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Courtesyof the Carl Ballenas Collection
History of the First Telephonein Richmond Hill
1905photo of the Richmond Hill Telephone Exchange, from the Long Island DailyPress newspaper, Thursday, May 6, 1941.
Its possible to assume thatthe woman who is standing is Mrs. Blanche Winham whom the following articlesare about. This photo shows the women sitting at a switchboard as RichmondHill's first telephone operators.
Following Article from the"Mrs. Blanche Winham, TelephoneGirl of 1900"
Queens Borough Public Library
Mrs. Blanche Winham, was the first telephone operator at the RichmondHill Exchange, way back in 1899, when a telephone was something you crankedand yelled into.
Mrs. Winham, who resides at 104-39 117th St. Richmond Hill said: "Telephoningwas lots more intimate and exciting in those days. There was no formalmachine like, "Number Please" and "Thank You." In those days, there wereonly 60 subscribers, and the phone operator knew them all personally. Anybodywho had a phone those days, was somebody.
"Telephone operating then," she added, "was next best thing to news-papering,in some cases it was better.
''We used to have the old type telephones with a crank, that you woundup. One of the things I liked about my job, was that I knew every thingthat was happening in town, before the newspapers.
"One of the most exciting things that happened during my career asan operator, was the assassination of "President William McKinley."
"We had a direct wire to Washington, and I kept receiving bulletinafter bulletin, about the condition of the President. I still have 18 bulletinsI received that day.
"I was hired by "George Van Benschaten," who was then the manager ofthe "Long Island Telephone Company." I had just one switchboard, whichwas at the rear of "Kings Drug Store," which was at Lefferts Boulevardand Jamaica Avenue (now the Triangle Pharmacy).
"As our business grew, I hired my brother as night operator, and whata cinch of a job he had. One call a night."
"Subscribers would think nothing of calling you up, just to have achat, and as for asking you the time, I often wondered if anyone had aclock in Richmond Hill."
In 1902, the Company erected a small building, (now the Lefferts Dog& Cat Hospital) and Mrs. Winham took charge. In the following year,matrimony looked better to her than a career as a telephone operator, andshe quit.
Following Articleand images from the Long Island Daily Press, Thursday , May 6, 1941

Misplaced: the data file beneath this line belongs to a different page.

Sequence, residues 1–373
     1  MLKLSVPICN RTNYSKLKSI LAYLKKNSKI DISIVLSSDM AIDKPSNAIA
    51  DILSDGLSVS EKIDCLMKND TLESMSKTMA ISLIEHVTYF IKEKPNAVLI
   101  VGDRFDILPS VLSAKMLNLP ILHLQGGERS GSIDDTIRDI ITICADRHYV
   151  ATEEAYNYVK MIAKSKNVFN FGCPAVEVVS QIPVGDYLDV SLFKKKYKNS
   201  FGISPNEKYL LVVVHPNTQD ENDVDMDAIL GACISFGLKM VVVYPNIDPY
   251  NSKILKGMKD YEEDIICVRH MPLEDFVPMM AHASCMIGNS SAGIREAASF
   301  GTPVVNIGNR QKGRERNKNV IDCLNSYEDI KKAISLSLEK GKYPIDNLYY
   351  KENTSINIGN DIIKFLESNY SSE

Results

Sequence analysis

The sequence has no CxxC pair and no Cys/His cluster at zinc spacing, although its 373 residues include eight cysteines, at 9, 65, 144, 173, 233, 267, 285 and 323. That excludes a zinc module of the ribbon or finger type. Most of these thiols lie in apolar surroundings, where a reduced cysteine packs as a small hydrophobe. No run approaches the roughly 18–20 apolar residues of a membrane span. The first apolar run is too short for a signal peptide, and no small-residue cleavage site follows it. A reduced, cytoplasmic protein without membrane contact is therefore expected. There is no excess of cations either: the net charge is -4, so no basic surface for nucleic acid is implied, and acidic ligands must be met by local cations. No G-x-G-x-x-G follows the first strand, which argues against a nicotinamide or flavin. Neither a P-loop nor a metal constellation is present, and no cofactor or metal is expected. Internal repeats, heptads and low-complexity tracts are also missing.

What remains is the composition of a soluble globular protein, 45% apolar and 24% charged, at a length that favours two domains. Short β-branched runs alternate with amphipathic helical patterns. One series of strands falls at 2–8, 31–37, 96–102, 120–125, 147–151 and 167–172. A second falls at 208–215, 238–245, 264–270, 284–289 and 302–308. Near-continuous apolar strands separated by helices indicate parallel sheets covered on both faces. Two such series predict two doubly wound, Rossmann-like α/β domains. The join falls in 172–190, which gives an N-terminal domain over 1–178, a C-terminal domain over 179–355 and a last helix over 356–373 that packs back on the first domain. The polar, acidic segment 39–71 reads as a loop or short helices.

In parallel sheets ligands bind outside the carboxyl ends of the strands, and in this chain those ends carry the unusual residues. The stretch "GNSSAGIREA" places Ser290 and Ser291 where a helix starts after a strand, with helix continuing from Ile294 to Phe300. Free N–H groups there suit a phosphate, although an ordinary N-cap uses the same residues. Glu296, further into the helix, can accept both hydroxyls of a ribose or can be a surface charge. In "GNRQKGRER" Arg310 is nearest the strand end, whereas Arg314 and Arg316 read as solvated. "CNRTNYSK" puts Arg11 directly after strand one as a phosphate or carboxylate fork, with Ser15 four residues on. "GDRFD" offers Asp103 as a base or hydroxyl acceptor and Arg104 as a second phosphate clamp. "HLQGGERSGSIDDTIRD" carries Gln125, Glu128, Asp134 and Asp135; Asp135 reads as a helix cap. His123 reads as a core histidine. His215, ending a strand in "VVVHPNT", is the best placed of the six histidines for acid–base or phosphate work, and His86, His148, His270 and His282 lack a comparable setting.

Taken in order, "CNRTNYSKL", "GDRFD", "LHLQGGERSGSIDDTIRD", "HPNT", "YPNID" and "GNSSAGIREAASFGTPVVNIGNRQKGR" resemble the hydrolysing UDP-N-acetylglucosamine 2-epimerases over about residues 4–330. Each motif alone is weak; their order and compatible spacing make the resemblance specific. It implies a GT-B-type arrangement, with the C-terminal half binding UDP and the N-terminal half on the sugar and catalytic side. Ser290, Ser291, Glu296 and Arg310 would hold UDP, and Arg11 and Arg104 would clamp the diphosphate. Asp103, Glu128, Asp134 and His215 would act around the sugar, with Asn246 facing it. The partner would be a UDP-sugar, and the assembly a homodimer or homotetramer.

Goodbye to the Hello Girl
1905photo of the Richmond Hill Telephone Building located on Lefferts Ave.(now Lefferts Blvd.) from the Long Island Daily Press newspaper, Thursday,May 6, 1941. This structure was built in 1902 as more telephone subscribersincreased. Amazingly it still exists today, but has changed over the years,and is now the Lefferts Dog and Cat Hospital at 86-37 Lefferts Blvd. Incidentally,when this photo was taken there were approximately 80 telephone subscribers.
The last stronghold of the "hello girl" is about to fall in Queens.
The Richmond Hill telephone exchange, with more than 30,000 phones,goes on the dial this summer. The changeover will start later this month.The change to dial service comes 57 years almost to the day since the firstswitchboard was set up in Richmond Hill. There were 80 subscribers in 1897.
According to D. G. Logie, manager of the Richmond Hill office, thefirst telephone came to Richmond Hill in 1889, which was 13 years afterthe telephone itself was invented. The No. 1 subscriber was J.W.Van Wicklen, who secured a hookup with a telephone line in East NewYork.
Three years later, a central office was given the name "Richmond Hill",and the telephone boom was on.
The first magneto-type switchboard was established in J.W. Kings drugstore,at Jamaica Avenue (then Fulton Street) and Lefferts Blvd.
A short time later, four operators and a chief operator were requiredto handle the mounting volume of calls.
The original part of the present telephone building at 87-28 109thStreet was opened in 1910.
The girls who ran the switchboard 50 years ago would be lost in today'smaze of equipment. The mechanical parts necessary to make the changeoverto the dial system filled the equivalent of 29 railroad cars. The wirealone to link 20,000 telephones with the outside would wrap around theglobe. About 20,000 of the 30,000 phone dials are already in place.
Logie cautions subscribers until they get the go-ahead against tryingto use the dials. They must still lift the receiver and wait for the familiarvoice to say: "Number, please!"
About Jacob L. Van Wicklen
The #1 telephone subscriber was Jacob L. Van Wicklen, a dealer in Provisions,Groceries, Flour and Feed, etc. He was also the first postmaster in RichmondHill, a part of his country store was the post office. It was located onPark Street (117th St.) and Jamaica Avenue in the triangleformed by Park St., Jamaica Ave. and Myrtle Ave. He secured a hook-up witha telephone line in East New York. Three years later, a central officewas established in the rear of J.W. Kings drug store at Jamaica Avenue(then Fulton Street) and Lefferts Blvd. (then Lefferts Avenue). It wasa wooden building. Many years later, it was a grocery store, and now isthe Lefferts Dog and Cat Hospital, at 86-37 Lefferts Blvd.
Back in 1895, telephones were not plentiful as they are now, and wordof a fire, generally reached the Volunteer Fire Dept's through the whistleat Morris Park Railroad Shops. Richmond Hill was cut up into fire districts,with a signal for each. When the whistle sounded the Volunteers left whateverthey were doing and ran for the fire-house.